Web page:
ENGR2000 Lecture Notes - Lecture 10: Viscosity, Socalled, Volumetric Efficiency

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2 Jul 2018
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Prepared by Dr Hongwei Wu Chapter 10 Page 1 of 14
2nd Year Fluid Mechanics, Faculty of Engineering and Computing, Curtin University
ENGR2000: FLUID MECHANICS
For Second-Year Chemical, Civil and Mechanical Engineering
FLUID MECHANICS LECTURE NOTES
CHAPTER 10 PUMPS
10.1 Introduction to fluid machines
A fluid machine is a device which adds (pump or compressor) energy into or removes
(turbine) energy from a fluid by dynamic interactions between the device and the fluid. There
are four categories of fluid machines: positive displacement (P.D.) machines, centrifugal fluid
machines, axial fluid machines and jet fluid machines.
A P.D. fluid machine works by allowing a fluid to flow into some enclosed cavity
from a low-pressure source, trap the fluid, and then force it out into a high-pressure
receiver by decreasing the volume of the cavity. Examples include a human heart and
a tyre pump (see Figure 10-1a).
A centrifugal fluid machine raises the pressure of a fluid by moving it outward in a
centrifugal force field, passing it radially across the impeller and giving it a high
kinetic energy and then converting that kinetic energy into fluid pressure energy.
Examples include centrifugal pumps for water delivery, as shown in Figure 10-1b.
For an axial-flow fluid machine (see Figure 10-1c), the fluid enters and leaves in the
direction of the axis of the rotor. Fluid passes through several rows of blades arranged
in an annulus and is successively accelerated by moving rows of blades, and then
slowed by a stator blade. The stator blade converts the kinetic energy imparted by the
rotating blade to pressure energy.
A jet fluid machine is used to convert kinetic energy into pressure energy, usually with
the objective of creating an overpressure at one point and a vacuum at another. For
example, ejectors, as shown in Figure 10-1d mix a high-velocity jet of driving fluid
with the fluid to be pumped, increasing the kinetic energy of the pumped fluid. The
kinetic energy is then converted to pressure energy.
We recall that in Chapter 6, the overall energy governing equation E6-2 (or E6-2a in head
form) of a pipe system includes a
work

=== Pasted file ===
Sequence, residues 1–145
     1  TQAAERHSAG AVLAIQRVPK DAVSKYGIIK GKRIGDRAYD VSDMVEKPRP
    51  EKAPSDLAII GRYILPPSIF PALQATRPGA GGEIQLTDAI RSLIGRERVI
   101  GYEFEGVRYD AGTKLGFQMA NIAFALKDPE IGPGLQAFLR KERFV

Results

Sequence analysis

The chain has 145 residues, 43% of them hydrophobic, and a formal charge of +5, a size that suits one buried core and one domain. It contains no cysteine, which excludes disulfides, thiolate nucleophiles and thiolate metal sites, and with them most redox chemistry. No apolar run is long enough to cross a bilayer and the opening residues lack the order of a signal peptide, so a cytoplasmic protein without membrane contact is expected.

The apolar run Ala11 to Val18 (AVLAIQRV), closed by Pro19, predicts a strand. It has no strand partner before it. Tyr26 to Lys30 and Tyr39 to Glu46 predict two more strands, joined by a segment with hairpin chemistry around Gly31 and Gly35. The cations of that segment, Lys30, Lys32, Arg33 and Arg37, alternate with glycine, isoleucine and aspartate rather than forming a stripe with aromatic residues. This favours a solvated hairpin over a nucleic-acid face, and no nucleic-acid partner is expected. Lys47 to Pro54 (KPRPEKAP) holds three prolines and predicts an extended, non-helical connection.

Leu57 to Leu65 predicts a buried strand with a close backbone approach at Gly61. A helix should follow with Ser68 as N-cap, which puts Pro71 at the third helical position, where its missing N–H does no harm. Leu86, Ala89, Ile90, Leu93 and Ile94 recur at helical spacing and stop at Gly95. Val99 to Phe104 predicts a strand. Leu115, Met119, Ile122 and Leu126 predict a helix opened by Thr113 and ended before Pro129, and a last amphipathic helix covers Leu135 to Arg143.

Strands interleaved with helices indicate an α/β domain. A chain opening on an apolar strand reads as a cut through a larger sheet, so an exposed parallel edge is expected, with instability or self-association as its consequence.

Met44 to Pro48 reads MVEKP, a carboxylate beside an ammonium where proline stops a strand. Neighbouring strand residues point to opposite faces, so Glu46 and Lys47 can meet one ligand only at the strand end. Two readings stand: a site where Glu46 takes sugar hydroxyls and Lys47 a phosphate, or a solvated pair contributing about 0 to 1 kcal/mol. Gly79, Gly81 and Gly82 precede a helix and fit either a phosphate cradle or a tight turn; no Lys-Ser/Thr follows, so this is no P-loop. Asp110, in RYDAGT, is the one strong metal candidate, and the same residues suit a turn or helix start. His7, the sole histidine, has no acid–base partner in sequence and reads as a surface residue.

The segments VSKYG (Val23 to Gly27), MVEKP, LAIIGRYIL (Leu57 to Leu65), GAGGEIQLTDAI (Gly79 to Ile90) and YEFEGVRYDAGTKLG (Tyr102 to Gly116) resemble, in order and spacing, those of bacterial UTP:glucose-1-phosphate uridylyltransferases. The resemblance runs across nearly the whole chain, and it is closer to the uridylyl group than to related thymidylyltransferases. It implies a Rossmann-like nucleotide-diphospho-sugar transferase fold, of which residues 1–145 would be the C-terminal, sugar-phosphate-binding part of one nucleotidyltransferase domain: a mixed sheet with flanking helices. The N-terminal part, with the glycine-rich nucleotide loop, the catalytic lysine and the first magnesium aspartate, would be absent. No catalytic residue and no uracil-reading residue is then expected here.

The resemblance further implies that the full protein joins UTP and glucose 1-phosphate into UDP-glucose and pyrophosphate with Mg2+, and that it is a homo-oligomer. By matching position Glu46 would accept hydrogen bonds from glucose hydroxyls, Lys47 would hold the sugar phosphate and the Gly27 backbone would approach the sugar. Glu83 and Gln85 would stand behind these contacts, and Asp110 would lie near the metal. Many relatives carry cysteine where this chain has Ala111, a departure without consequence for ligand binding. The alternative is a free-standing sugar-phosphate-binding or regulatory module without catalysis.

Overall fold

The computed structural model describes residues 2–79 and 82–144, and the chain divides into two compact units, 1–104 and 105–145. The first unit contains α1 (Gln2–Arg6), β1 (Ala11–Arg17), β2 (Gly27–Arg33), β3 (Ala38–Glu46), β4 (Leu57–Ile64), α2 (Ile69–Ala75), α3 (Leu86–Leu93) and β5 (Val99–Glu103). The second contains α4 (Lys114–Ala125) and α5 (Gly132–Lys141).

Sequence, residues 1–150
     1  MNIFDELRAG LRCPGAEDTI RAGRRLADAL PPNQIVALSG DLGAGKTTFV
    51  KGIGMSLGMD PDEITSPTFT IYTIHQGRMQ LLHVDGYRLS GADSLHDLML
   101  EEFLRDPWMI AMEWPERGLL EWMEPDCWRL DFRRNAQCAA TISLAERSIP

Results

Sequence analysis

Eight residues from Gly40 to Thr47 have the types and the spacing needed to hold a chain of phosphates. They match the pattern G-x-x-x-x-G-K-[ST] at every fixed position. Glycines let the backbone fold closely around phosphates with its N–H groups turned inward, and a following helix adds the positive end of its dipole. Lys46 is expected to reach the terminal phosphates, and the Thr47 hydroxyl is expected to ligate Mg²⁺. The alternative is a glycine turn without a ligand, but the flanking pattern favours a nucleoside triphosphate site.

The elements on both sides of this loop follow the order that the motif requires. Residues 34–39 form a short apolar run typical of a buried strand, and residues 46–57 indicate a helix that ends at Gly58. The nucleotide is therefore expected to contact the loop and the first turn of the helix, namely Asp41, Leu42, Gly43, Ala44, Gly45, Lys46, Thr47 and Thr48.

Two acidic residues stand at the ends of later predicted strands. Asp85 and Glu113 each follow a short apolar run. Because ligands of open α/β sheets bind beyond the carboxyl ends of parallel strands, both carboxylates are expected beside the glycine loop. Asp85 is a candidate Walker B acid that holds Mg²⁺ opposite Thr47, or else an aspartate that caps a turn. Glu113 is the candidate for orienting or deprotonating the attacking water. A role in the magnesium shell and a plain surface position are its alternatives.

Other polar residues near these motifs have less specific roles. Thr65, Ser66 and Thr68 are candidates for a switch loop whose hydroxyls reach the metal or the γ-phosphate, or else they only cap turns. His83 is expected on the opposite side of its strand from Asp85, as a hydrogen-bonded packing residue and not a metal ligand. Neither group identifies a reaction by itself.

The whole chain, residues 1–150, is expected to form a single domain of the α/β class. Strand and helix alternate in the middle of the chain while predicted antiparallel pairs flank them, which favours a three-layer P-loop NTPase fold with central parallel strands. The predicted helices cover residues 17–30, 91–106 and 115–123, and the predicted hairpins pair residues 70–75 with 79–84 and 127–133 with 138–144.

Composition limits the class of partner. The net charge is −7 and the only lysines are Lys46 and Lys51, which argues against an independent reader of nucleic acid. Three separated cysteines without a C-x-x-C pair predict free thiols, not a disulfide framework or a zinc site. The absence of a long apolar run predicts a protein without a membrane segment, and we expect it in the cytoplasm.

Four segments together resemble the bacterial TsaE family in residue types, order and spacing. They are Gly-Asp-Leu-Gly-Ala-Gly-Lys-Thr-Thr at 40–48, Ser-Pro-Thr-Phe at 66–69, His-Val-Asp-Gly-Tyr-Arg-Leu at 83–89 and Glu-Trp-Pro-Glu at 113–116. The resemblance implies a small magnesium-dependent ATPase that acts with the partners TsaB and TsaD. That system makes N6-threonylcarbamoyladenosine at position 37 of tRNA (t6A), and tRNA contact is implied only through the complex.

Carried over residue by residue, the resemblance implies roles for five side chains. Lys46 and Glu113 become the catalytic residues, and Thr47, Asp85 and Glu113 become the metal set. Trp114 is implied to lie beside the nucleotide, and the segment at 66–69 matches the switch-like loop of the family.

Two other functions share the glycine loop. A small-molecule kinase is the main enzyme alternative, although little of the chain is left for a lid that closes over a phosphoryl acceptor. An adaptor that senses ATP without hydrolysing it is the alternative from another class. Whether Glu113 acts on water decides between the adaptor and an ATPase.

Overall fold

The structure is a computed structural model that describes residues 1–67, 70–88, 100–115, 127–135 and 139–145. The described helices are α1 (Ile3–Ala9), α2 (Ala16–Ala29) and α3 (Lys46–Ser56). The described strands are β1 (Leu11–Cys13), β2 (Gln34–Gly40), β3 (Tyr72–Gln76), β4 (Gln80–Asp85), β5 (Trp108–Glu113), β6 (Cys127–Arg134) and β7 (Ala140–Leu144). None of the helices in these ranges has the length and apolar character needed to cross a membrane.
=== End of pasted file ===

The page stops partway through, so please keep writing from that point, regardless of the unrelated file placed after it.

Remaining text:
P
term (or a
work
h
term in head form). The
work
P
term
is the pressure rise of the fluid from the pump in order to accommodate the changes in
elevation and dynamic energy, and overcome the pressure drop due to the friction loss in a
pipe system. Both pumps and compressors are fluid machines which add energy into the fluid.
The key difference is that pumps deal with incompressible fluid, e.g. water, while
compressors deal with compressible fluid, e.g. air.
Therefore, this chapter focuses mainly on pumps. We will learn knowledge on pump
performance curves, system curve, pump selection and dimensionless numbers which are
important to pumps.
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Prepared by Dr Hongwei Wu Chapter 10 Page 2 of 14
(a)
(b)
(d)
Figure 10-1 Type of Fluid machines: (a) positive displacement machines, such as a human
heart and a tyre pump [1]; (b) a centrifugal fluid machine, such as a centrifugal pump [1]; (c)
an axial-flow pump; (d) a jet fluid machine
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Prepared by Dr Hongwei Wu Chapter 10 Page 3 of 14
10.2 P.D pumps
A P.D. pump works by allowing a fluid to flow into some enclosed cavity from a low-
pressure source, trap the fluid, and then force it out into a high-pressure receiver by
decreasing the volume of the cavity.
As shown in Figure 10-2, the operation of a P.D. pump has the following steps:
a) The piston starts downward, creating a slight vacuum in the cylinder;
b) The pressure of the fluid in the inlet line is high enough relative to this vacuum to
force open the left-hand on-way valve, whose spring has been designed to le the valve
open under this slight pressure difference;
c) Fluid flows in during the entire downward movement of the piston;
d) The piston reaches the bottom of its stroke;
e) The piston then starts to upward. This raises the pressure in the cylinder higher than
the pressure in the inlet line, so the inlet valve is pulled shut by its spring.
f) Pressure continues to rise until it is higher than the pressure in the outlet line. If the
fluid were incompressible, this pressure rise would be instantaneous.
g) When the pressure in the cylinder is higher than the pressure in the outlet line, the one-
way outlet valve is forced open.
h) The piston pushes the fluid out into the outlet line.
i) The piston starts downward again; the spring closes the outlet valve, because the
pressure in the cylinder has fallen, and the cycle begins again.
Figure 10-2 Operations of a P.D. machine
The volumetric efficiency of a P.D. pump is defined as
D
I
VOL V
V
VolumentDisplaceme
VolumeIntake
where the displacement volume is the volume swept by the piston. In general, 100%
efficiency will not be achieved because of leakages in seals and valves, unswept volumes and
expansion of remaining fluid (for compressible fluids).
Figure 10-3 presents the performance curve of a typical P.D. pump. It can be seen that P.D.
pumps are constant-volumetric-flow-rate devices (at a fixed motor speed), maintaining almost
vertical characteristic curves, with slight deviations caused by leakages, which increase with
pressure. To increase flow rate of a fixed-geometry P.D. pump, one must increase the motor
speed. For example, a human heart is a P.D. pump (see Figure 10-1a). When we are running,
we need more blood supply so that increase the number of beats per minutes of heart.
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